Anyone researching Stifel Financial Corp. (NYSE:SF) might want to consider the historical volatility of the share price. Modern finance theory considers volatility to be a measure of risk, and there are two main types of price volatility. The first category is company specific volatility. This can be dealt with by limiting your exposure to any particular stock. The second type is the broader market volatility, which you cannot diversify away, since it arises from macroeconomic factors which directly affects all the stocks on the market.
Some stocks see their prices move in concert with the market. Others tend towards stronger, gentler or unrelated price movements. Beta is a widely used metric to measure a stock's exposure to market risk (volatility). Before we go on, it's worth noting that Warren Buffett pointed out in his 2014 letter to shareholders that 'volatility is far from synonymous with risk.' Having said that, beta can still be rather useful. The first thing to understand about beta is that the beta of the overall market is one. A stock with a beta below one is either less volatile than the market, or more volatile but not corellated with the overall market. In comparison a stock with a beta of over one tends to be move in a similar direction to the market in the long term, but with greater changes in price.
What we can learn from SF's beta value
Looking at the last five years, Stifel Financial has a beta of 1.90. The fact that this is well above 1 indicates that its share price movements have shown sensitivity to overall market volatility. If this beta value holds true in the future, Stifel Financial shares are likely to rise more than the market when the market is going up, but fall faster when the market is going down. Many would argue that beta is useful in position sizing, but fundamental metrics such as revenue and earnings are more important overall. You can see Stifel Financial's revenue and earnings in the image below.
Does SF's size influence the expected beta?
Stifel Financial is a fairly large company. It has a market capitalisation of US$4.4b, which means it is probably on the radar of most investors. It takes a lot of money to influence the share price of large companies like this one. That makes it interesting to note that its share price has a history of sensitivity to market volatility. There might be some aspect of the business that means profits are leveraged to the economic cycle.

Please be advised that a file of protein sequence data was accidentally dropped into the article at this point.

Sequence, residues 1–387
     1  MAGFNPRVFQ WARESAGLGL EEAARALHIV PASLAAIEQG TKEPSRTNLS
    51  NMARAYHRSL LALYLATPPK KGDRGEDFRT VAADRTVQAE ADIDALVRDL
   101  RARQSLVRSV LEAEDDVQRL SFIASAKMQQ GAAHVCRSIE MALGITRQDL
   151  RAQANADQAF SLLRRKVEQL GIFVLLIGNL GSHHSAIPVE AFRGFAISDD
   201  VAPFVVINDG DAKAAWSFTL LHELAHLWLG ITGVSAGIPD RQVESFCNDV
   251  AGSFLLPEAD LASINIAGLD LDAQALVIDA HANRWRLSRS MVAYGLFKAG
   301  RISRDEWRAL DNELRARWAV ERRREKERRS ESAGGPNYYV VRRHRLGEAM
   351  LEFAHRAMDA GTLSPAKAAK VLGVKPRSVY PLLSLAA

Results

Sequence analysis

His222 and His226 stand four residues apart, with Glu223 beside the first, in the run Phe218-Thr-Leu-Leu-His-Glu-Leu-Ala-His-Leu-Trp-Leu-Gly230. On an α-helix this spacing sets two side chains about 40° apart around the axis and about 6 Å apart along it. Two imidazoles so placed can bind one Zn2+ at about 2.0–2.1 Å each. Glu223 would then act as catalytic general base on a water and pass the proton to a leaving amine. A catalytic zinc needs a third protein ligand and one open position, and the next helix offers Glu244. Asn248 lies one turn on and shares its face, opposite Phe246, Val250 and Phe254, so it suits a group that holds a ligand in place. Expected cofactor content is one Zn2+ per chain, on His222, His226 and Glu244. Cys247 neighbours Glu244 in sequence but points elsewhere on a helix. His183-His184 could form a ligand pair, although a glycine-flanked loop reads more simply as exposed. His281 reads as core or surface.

What this means for you:
Beta only tells us that the Stifel Financial share price is sensitive to broader market movements. This could indicate that it is a high growth company, or is heavily influenced by sentiment because it is speculative. Alternatively, it could have operating leverage in its business model. Ultimately, beta is an interesting metric, but there's plenty more to learn. In order to fully understand whether SF is a good investment for you, we also need to consider important company-specific fundamentals such as Stifel Financial’s financial health and performance track record. I highly recommend you dive deeper by considering the following:
- Future Outlook: What are well-informed industry analysts predicting for SF’s future growth? Take a look at our free research report of analyst consensus for SF’s outlook.
- Past Track Record: Has SF been consistently performing well irrespective of the ups and downs in the market? Go into more detail in the past performance analysis and take a look at the free visual representations of SF's historicals for more clarity.
- Other Interesting Stocks: It's worth checking to see how SF measures up against other companies on valuation. You could start with this free list of prospective options.
If you spot an error that warrants correction, please contact the editor at firstname.lastname@example.org. This article by Simply Wall St is general in nature. It does not constitute a recommendation to buy or sell any stock, and does not take account of your objectives, or your financial situation. Simply Wall St has no position in the stocks mentioned.
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